Monthly Archives: January 2020

A Yellowstone Proceeding Cannot Extend the Time to Cure an Incurable Default

This was originally published on the SGR Blog.

Yellowstone proceeding (so-called after a Court of Appeals decision establishing the legal protocol) maintains the status quo so that a commercial tenant, when confronted by a threat of termination of its lease, may protect its investment in the leasehold by obtaining a stay tolling the cure period—and, if an adverse determination on the merits ensues, the tenant may cure the default and avoid a forfeiture.

The proceeding is New York–specific. Our Civil Courts in New York City and District Courts in the rest of the State (where landlord-tenant cases are litigated) do not have jurisdiction to grant equitable relief. So a tenant charged with default (who either controverts the default or needs more time to cure or both), must file a Yellowstone proceeding in Supreme Court (which has equitable jurisdiction) before the cure period ends to avoid termination of the lease.  Supreme Court has the ability to toll the cure period and grant an extention of the time to cure (if the default is sustained).

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Loss of a New York City Parking Space Is Not A Laughing Matter: Ask Alec Baldwin

This was originally published on the SGR blog.

Saturday Night Live comedian Alec Baldwin engaged in a shoving match with Wojciech Cieszkowski over a mid-town New York parking space. The result was not a laughing matter. Baldwin was criminally charged and pled guilty to harassment in the second degree.

But that was only the beginning. Cieszkowski sued Baldwin for assault, battery, legal fees and slander per se. In addressing a motion to dismiss the slander claim, the Court took a jurisprudential “deep dive” into the law of defamation, slander ( in general) and slander per se (in particular).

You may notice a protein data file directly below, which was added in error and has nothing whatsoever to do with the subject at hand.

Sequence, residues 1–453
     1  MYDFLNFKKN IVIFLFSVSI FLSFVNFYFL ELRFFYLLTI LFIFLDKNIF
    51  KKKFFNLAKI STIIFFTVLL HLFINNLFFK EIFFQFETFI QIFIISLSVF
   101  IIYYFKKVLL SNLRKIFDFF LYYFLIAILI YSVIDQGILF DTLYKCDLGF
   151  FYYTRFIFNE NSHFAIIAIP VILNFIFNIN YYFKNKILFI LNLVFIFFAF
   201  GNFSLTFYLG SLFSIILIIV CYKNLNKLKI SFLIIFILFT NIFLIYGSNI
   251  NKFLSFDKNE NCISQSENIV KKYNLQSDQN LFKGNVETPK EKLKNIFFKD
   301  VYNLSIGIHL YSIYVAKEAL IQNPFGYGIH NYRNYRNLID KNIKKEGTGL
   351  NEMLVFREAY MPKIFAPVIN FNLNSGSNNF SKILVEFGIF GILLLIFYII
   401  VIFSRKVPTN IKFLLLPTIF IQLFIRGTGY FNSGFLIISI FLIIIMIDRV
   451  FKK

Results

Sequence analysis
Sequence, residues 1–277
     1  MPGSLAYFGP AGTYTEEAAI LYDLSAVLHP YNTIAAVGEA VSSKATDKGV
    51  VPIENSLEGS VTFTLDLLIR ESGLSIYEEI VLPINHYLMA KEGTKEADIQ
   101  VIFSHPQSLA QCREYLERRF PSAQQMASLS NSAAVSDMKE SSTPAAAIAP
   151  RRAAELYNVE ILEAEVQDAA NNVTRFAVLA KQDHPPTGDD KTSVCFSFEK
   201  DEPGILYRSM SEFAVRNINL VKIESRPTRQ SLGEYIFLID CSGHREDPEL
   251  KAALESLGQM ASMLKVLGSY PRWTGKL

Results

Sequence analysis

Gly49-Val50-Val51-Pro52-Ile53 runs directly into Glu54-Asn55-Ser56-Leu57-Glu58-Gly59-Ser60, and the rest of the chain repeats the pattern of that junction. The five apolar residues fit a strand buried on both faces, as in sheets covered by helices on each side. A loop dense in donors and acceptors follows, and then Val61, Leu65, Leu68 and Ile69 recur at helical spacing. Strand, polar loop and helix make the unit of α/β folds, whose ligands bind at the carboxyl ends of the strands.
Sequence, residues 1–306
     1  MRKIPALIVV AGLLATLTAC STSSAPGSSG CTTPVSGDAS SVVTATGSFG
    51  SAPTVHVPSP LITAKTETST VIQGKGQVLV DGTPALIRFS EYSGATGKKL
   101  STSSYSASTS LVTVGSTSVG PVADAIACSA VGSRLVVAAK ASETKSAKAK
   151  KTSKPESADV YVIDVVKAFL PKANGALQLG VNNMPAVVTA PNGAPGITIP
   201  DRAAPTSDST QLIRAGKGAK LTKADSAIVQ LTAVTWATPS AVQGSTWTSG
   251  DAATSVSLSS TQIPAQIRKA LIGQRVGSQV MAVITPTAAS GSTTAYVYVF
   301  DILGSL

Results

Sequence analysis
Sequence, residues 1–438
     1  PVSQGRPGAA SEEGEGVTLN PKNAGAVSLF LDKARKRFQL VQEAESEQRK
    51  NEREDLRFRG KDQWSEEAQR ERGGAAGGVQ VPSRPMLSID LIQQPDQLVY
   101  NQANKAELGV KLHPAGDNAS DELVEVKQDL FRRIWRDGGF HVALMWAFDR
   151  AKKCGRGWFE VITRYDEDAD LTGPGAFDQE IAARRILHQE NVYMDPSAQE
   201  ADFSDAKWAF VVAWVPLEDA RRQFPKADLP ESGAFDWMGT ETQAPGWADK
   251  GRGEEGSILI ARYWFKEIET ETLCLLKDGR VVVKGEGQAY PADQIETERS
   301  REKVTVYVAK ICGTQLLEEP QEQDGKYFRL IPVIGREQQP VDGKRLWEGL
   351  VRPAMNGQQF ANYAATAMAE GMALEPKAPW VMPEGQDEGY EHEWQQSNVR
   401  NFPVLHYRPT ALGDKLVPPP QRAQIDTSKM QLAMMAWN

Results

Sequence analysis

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Rules Are [Not] Made to Be Broken

This was originally published on the SGR Blog.

Supreme Court recently addressed a motion to dismiss claims by residential unit owners—who were holders of unsold shares — that the cooperative’s board of directors had impermissibly amended various rules relating the housing of pets, subleasing and move-in charges.

Ironically, the Court issued an extremely and extraordinarily lengthy summary and analysis of the arguments and counter-arguments with respect to the by-laws and proprietary lease, only to find and conclude that the relevant provisions ran unambiguously in favor of the board.

Murray House, a residential cooperative, owns a building at 220 Madison Avenue. The elected Board of Direct was authorized, pursuant to its by-laws, to manage the business and affairs of the cooperative.

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Hotly Contested Upper West Side Coffee Pot Dispute

This was originally posted on the SGR Blog.

On August 27, 2015, Theodore Comando went to a  deli on the Upper West Side, owned by C.P. Yang Corp, to purchase a cup of coffee. He walked to the counter and lifted a coffee pot from the coffee burner. While lifting the pot, the bottom of the pot fell out, causing his legs and feet to be scalded with second degree burns.

Countering Comando’s version of the facts, the owner of the store, Keumyul Yang, stated in deposition testimony that he was not present during the incident but was told by his employee, Domingo Ogacion, that two coffee pots were involved, and that Comando was holding the right coffee pot and hit the pot into the left coffee pot, causing a hole in the side of the coffee pot that he was holding. However, when was deposed separately, Ogacion stated that Comando was holding the left coffee pot and the bottom fell out.

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